Photography Lighting Tips

21 01 2010

How can you take a few photography lighting tips, and change the way you look at images forever?

Wedding Photography
Weddings are by far the most difficult to shoot, and will test your true capabilities as a photographer. In one event, you may have to deal with harsh, bright sunlight streaming onto the wedding party, and trying to capture the bride and groom in a nearly dark reception hall. All with the extremes of a bride in a white gown and a groom in a black tux.

Start by finding the perfect location outside to take advantage of natural light. Whether you are at a church or a reception site, get there a few minutes early and walk around, noticing the direction of sun movement. Find one side with a lot of shade, look for interesting architecture, or a grouping of trees. Remember, you aren’t capturing the entire area in your photographs; you can find great areas that will deliver what you are looking for. Fill in with reflectors and diffusers to soften the light even further.

For your inside images, use a combination of on camera flash and stand alone light sources. Use diffusers to bounce the flash, giving your images a softer look. If the ambiance of the reception site is a dark, romantic look, you don’t want to flood it with harsh, unnatural light. Yet you can set up one or two light sources on the dance floor for all the main action images, and still leave the reception room as the bride and groom intended.

Portrait Photography
Lighting a portrait is similar to wedding photography – without the stress. With portraits, you can choose the time of day for the best lighting. Find different locations that work best at different times of the day. For example, we have several buildings we shoot at regularly because of their architecture. Some are shaded in the morning, some in the evening. This gives us many options, depending on when we head out to photograph.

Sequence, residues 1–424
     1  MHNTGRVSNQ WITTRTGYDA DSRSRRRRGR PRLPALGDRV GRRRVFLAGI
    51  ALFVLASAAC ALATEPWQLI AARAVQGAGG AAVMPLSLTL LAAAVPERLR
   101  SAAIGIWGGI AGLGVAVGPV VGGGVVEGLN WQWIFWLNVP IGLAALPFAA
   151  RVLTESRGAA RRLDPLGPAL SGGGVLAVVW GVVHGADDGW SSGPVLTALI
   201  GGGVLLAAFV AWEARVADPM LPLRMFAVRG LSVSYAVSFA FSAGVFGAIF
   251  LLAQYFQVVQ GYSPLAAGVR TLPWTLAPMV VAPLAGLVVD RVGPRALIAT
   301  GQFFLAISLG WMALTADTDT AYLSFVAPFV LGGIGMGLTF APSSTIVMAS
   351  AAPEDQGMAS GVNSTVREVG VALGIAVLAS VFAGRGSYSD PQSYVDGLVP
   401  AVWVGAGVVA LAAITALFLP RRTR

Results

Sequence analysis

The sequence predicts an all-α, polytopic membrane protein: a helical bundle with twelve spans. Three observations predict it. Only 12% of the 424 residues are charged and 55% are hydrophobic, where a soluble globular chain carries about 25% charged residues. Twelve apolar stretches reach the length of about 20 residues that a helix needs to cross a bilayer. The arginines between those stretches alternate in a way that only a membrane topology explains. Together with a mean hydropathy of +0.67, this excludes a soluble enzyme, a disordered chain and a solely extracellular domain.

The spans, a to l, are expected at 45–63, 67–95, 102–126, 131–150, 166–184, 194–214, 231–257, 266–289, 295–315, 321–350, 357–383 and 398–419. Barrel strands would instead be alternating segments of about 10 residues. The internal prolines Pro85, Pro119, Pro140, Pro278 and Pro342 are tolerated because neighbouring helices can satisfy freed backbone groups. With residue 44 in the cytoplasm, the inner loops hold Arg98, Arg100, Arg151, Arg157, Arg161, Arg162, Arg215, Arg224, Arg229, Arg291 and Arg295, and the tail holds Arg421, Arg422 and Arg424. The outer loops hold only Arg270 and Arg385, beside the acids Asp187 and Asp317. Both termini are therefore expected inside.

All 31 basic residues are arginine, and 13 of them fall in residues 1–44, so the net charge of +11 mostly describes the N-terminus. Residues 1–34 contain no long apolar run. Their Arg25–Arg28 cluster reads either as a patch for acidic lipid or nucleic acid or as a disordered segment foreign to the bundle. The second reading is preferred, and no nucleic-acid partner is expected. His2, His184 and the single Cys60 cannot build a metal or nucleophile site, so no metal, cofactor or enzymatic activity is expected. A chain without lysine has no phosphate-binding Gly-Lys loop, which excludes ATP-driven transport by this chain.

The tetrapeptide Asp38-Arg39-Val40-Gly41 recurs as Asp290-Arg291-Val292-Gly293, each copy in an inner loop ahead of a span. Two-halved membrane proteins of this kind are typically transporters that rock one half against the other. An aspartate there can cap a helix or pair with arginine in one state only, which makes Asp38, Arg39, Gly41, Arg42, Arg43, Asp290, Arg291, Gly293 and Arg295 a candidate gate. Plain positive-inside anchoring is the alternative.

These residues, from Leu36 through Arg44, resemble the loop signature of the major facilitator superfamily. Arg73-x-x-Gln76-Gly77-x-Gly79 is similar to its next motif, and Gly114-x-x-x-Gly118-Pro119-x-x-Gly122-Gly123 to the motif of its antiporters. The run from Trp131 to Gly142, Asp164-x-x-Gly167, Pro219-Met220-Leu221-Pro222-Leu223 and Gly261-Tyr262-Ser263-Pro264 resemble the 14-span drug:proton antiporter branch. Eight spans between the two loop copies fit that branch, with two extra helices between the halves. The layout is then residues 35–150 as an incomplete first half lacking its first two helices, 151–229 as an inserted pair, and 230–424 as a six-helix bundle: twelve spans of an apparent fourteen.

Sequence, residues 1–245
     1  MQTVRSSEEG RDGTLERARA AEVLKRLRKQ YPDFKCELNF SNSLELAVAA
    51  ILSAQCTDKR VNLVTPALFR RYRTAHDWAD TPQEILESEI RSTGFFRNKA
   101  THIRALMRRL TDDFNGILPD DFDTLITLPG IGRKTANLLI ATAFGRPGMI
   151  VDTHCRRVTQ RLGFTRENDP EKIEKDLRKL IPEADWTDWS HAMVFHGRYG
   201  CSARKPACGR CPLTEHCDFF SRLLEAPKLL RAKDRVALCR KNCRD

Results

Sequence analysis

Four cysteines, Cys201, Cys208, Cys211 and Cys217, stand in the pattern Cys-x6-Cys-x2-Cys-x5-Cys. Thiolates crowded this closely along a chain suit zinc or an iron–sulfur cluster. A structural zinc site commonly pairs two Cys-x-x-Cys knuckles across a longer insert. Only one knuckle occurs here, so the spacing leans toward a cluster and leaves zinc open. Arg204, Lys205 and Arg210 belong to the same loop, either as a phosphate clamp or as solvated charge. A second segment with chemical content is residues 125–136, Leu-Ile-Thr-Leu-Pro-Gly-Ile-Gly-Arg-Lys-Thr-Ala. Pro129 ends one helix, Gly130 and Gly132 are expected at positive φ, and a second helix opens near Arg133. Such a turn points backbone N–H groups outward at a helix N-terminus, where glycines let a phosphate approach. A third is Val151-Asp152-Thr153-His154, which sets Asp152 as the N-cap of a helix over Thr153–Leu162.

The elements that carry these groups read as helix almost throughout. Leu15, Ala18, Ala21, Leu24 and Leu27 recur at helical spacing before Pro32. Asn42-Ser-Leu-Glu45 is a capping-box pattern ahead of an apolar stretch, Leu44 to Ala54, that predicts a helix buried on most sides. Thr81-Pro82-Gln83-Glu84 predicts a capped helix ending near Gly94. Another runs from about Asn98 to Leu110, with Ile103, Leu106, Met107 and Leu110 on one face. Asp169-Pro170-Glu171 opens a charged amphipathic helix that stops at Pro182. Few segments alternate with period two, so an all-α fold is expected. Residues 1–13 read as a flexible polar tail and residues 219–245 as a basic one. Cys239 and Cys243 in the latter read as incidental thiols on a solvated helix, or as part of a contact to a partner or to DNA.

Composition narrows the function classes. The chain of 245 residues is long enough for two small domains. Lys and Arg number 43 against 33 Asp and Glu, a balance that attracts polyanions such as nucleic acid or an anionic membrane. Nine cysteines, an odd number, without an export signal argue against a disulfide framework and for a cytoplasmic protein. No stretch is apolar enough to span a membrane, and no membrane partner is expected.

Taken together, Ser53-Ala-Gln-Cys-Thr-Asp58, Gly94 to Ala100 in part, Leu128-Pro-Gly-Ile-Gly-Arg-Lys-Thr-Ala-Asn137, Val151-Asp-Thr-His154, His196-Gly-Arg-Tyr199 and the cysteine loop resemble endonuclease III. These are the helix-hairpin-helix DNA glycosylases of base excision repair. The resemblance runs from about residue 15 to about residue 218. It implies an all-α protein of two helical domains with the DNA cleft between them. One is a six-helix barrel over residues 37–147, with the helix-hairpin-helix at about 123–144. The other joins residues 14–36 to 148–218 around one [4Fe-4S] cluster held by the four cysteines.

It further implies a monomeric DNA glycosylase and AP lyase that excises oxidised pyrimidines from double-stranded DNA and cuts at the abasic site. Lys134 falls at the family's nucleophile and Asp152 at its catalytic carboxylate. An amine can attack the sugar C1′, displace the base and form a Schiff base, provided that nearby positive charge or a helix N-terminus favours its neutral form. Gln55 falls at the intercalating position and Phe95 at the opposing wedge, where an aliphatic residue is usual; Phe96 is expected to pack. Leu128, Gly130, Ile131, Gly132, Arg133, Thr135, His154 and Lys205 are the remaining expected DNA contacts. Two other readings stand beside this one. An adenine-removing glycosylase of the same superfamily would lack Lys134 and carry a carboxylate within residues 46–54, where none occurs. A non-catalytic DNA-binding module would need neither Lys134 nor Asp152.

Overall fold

To enhance a portrait, use reflectors or diffusers to control the direction of natural light, or consider a fill flash either directly from your camera, or using a stand alone source. Be careful when using flash outdoors so you don’t create a flat look. The idea of being outside is to give your images dimension. Soften the light, adding dimension to the face without flattening the people into the background.

Product or Still Life Photography
The wonderful thing about shooting products or still life is you have the time and flexibility to play. Don’t like the results? Set it up and shoot it again.

First, know what your final image will be used for. Should you use clean lighting? Or can you have some fun, creating harsh shadows and unique lines?

Then play with combinations of lighting sources. We’ve always been fans of natural light. We have a large window with a southern exposure that streams light all day long. We can set up a variety of different backgrounds and props, and use reflectors to get just the right look.

By adding strobes and directional lighting, we can add shadows from the side, or behind the object, bringing out entirely different looks. Don’t be afraid to play. With digital, you can shoot an image dozens of times, all while moving lighting sources a fraction each time. It’s one of the best ways to learn how to light.

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21 01 2010
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